By Jonas Waldenström
Migratory animals are per definition mobile, performing regular movements between areas. Sometimes such movements are small, as in up or down a mountain. Other times they involve crossing 11,000 km over open sea, as the Bar-tailed Godwits do on their migration from Siberia to New Zealand.
Our model species is the Mallard. It is not exactly a rocket or a Godwit. No, it is a bulky and rather heavy bird, not designed for enduring intercontinental flight. But it does fly, and fairly decent distances. From band recoveries and analyses of stable isotope contents in feathers, we know that the breeding areas are for Mallards passing Ottenby in autumn can be roughly outlined as the Baltic States, Finland and parts of Eurasian Russia. Winter areas are more easily depicted, as a lot of ducks are harvested by hunters and the number of bands reported back during non-breeding is high.
But a dead duck is an endpoint, and doesn’t tell us much about its behavior before (or after) it was shot. As Mallards are an important reservoir host for influenza A viruses we want to know more about what movements actually mean for the epidemiology of disease. Does infection impair movements? Can infected birds transport viruses along migration to other sites? How does that affect local and global transmission?
A few years ago we started to collaborate with Martin Wikelski and his research group at Max Plank Institute of Ornithology in southern Germany. His group is a leading group on research in movement ecology, experts in animal movements. It is really a cutting-edge discipline, as new techniques for following animals are constantly developed. A lot of new cool gadgets!
Together with our German colleagues, we have carried out a number of studies with tagged Mallards, equipped either with satellite transmitters or with GPS loggers. There are a few articles in the tube, and Daniel Bengtsson, one of my PhD students, has Mallard movements as his subject area. The very first article on Ottenby Mallards appeared recently in Movement Ecology. Actually in the very first issue of the journal!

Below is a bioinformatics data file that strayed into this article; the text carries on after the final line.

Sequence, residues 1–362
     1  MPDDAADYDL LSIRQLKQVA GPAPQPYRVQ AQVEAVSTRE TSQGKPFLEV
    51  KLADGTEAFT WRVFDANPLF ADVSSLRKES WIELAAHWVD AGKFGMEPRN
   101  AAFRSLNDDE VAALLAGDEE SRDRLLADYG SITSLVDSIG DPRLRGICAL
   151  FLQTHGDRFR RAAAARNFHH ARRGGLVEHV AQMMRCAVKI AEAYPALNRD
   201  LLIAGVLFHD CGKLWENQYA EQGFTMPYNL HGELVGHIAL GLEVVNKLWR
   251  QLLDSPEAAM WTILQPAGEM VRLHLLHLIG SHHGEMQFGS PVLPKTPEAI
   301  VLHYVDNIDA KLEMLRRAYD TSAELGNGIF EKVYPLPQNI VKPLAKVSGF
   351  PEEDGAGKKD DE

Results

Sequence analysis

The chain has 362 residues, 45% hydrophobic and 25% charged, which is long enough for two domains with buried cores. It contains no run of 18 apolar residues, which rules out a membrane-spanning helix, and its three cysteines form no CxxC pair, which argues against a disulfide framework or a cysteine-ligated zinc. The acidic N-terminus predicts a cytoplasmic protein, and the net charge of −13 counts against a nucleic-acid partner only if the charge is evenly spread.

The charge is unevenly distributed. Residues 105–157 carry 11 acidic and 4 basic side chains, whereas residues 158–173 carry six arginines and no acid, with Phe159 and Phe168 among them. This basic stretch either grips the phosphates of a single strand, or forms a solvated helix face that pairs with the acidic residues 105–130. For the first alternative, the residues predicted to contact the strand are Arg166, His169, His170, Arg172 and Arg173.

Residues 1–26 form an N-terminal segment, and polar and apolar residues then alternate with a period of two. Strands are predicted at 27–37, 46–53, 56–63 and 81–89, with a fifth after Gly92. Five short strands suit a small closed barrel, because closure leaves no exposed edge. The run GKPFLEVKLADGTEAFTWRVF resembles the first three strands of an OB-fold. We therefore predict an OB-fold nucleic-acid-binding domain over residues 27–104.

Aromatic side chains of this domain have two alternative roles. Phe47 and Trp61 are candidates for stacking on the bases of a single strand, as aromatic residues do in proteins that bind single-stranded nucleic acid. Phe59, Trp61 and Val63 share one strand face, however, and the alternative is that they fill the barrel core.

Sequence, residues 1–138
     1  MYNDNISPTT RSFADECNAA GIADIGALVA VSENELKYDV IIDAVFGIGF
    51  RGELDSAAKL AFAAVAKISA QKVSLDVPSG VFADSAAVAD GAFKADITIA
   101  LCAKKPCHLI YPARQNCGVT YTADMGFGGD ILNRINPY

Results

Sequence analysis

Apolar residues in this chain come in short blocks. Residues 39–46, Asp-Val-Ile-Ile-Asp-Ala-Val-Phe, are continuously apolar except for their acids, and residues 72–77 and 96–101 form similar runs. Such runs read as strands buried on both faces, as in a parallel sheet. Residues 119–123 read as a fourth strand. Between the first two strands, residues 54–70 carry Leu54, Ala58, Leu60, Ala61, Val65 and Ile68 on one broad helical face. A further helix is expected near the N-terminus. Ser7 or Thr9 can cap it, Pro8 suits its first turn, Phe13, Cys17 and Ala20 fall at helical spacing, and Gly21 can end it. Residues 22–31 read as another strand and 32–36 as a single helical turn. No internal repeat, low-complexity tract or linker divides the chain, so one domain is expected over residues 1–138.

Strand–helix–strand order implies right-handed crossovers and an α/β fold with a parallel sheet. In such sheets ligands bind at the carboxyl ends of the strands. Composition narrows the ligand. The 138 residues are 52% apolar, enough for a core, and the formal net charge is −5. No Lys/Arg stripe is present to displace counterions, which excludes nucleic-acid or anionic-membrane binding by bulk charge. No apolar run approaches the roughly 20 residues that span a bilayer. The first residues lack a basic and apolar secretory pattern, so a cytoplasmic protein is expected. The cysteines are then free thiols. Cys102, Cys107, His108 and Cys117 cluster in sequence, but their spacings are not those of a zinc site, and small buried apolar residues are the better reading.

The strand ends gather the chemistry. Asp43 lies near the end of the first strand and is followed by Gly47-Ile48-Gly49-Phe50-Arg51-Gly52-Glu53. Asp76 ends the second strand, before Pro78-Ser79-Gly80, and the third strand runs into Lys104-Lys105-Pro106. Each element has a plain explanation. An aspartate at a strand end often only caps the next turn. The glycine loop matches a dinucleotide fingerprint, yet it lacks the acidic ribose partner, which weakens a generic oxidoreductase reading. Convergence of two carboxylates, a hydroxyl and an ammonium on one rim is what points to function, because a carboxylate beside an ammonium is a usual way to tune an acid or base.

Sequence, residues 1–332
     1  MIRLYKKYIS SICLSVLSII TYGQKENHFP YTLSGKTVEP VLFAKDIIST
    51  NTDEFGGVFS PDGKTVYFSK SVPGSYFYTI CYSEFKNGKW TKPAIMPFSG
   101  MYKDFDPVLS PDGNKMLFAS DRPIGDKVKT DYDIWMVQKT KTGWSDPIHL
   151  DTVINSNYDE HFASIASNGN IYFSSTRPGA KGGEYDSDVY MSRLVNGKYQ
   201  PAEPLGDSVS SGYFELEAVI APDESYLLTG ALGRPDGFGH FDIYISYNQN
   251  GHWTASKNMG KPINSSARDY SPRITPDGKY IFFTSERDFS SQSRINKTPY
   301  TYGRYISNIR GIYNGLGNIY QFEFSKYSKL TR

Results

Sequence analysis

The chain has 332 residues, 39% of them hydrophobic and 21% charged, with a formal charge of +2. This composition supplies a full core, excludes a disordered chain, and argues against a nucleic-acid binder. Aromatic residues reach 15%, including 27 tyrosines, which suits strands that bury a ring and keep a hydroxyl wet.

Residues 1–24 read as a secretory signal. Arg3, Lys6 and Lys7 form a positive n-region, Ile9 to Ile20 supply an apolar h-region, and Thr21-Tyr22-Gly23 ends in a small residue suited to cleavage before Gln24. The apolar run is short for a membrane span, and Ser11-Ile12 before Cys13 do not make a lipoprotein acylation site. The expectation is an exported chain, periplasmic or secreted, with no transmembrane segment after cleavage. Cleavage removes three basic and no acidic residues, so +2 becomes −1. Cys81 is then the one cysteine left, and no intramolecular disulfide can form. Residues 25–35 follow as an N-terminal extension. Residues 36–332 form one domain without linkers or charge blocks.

In this study, Kamran Safi gathered movement data from nine different species of birds (including our Mallards) and used it to analyze how the effect of wind support during migration best should be modeled. Completely still air is rare, and migrating birds need to adjust migration to wind strength and wind direction. A tail wind component can be extremely beneficial, and headwinds detrimental. With the modern tags birds can be followed at high sampling frequencies (at the scale of minutes and hours) during active flight, and their heading and speed can be examined in conjunction with global weather databases. But it is crucial that you used the right models, otherwise you may end up with the wrong conclusions.
Perhaps not surprising, Safi et al found that wind was a strong predictor of bird ground speed, but with variation among species. However: determining flight direction and speed from successive locations, even at short intervals, was inferior to using instantaneous GPS-based measures of speed and direction. Use of successive location data significantly underestimated the birds’ ground and airspeed, and also resulted in mistaken associations between cross-winds, wind support, and their interactive effects, in relation to the birds’ onward flight.
It is rather complex paper if you are not into the field, but it feels good that our flu-carrying little duckies can contribute with some pieces of the puzzle in the making of next generation migration models. We will return to Mallards and movements in this blog in the future, as the Mallard flies and the papers become published.
Links to the papers: